If both parties stick to their pledge, there are few remaining tools at their disposal for raising revenue. While we anticipate a detailed list of costings to be published in the upcoming election manifestos, both parties have currently pledged to raise national defence spending to 2.5 per cent of GDP, up from where it currently stands at 2.3 per cent of GDP. This amounts to an additional 4.5 billion pounds. Although this accounts for only half a per cent increase in the government’s expenditure, this is non-trivial given that there is currently no headroom against the government’s current fiscal rules, particularly after the two national insurance tax cuts over the last year.

Why are these fiscal rules in place?

These rules are in place to guide the government towards a sustainable budgetary position and to act as a commitment device to boost confidence among international investors. By sending out a signal to international markets, these rules communicate that the UK government is responsible in its fiscal management. As a result, the fiscal rules are thought to engender an environment of stability which is conducive to investment and economic growth.

However, these rules, which have been a feature of UK policy since the 1990s, have been far from static. As opposed to being determined by legislation, they are set by the Chancellor and over the decades have been subject to a number of revisions and readjustments depending on the incumbent government’s fiscal strategy and the economic climate.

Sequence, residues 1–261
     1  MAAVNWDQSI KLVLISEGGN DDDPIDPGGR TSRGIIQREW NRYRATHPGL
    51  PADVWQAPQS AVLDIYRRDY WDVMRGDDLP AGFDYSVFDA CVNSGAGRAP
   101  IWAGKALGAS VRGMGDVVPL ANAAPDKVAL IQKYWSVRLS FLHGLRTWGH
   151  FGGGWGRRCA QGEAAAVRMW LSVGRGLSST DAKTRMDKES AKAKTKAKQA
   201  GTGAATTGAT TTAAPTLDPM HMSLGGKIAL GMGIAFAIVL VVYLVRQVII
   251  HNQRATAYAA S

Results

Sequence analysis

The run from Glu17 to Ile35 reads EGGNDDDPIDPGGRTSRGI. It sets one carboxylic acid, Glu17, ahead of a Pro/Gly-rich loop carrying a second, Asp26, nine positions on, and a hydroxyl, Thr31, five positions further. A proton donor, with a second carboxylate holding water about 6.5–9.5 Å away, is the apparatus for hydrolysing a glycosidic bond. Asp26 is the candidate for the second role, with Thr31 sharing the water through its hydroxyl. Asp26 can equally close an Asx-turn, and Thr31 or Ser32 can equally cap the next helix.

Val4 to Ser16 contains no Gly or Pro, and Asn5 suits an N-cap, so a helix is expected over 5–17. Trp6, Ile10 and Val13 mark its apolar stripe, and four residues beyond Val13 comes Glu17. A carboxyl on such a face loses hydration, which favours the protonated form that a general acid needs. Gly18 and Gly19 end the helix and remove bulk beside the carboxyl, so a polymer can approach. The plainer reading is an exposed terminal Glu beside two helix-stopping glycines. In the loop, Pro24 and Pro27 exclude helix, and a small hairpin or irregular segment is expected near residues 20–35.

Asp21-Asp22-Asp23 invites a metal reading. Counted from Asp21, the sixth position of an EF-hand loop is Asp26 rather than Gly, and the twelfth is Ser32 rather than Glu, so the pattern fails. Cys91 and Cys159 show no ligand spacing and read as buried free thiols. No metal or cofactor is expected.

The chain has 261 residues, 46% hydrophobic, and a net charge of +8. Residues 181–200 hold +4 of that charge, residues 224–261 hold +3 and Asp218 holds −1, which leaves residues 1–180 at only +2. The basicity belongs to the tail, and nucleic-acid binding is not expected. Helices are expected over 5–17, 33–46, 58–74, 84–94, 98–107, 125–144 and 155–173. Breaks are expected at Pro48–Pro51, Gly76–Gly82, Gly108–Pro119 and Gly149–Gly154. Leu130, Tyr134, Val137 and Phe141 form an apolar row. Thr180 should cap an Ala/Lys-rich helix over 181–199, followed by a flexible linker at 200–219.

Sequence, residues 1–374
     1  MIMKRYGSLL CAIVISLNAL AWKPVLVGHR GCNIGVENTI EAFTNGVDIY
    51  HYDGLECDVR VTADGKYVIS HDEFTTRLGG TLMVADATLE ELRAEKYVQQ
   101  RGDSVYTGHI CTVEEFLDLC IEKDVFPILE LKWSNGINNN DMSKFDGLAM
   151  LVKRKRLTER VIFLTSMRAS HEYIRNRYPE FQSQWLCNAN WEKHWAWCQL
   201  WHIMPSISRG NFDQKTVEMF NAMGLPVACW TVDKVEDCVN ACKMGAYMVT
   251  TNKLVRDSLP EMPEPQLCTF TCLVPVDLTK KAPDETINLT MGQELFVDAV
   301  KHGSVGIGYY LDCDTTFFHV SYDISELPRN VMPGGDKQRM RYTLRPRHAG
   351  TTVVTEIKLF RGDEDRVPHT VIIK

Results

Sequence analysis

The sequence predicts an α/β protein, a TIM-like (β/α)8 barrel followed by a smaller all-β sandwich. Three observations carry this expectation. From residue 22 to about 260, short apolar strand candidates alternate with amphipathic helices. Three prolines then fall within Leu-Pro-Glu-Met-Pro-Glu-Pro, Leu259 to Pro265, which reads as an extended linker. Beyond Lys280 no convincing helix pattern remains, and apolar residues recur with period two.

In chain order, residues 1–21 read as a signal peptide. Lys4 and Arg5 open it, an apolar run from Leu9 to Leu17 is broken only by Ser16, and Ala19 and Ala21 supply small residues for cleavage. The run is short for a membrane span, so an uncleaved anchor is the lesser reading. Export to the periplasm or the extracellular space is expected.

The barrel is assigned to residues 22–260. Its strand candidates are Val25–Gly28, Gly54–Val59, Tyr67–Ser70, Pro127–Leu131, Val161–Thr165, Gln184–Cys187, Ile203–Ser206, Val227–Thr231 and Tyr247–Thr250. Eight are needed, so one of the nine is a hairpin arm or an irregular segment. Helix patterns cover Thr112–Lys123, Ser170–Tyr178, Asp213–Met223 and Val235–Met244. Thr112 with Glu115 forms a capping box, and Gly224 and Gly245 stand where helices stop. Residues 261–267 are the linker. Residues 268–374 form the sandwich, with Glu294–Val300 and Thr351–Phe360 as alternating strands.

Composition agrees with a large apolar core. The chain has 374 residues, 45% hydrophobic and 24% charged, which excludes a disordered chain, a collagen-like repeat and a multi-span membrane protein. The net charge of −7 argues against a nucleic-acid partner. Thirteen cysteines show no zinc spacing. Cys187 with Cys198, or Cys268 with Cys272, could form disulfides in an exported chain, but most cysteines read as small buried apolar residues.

For example, the current rules, which were last tweaked in 2022, mandate that the ratio of public debt-to-GDP should be falling within a five-year horizon and the ratio of the deficit-to-GDP should be below three per cent by the end of the same period.

However, whether these rules are fulfilling their alleged purpose is questionable. Specifically, they do not appear to be functioning as an effective commitment device. This is due to an incentive structure which generates unrealistic proposed expenditure reductions to take place in the fifth year of the rolling forecast to ensure that the targets are being met on paper. However, as spending plans are not fixed five years ahead of time, often there are large revisions to government expenditures by the time the fifth year is reached.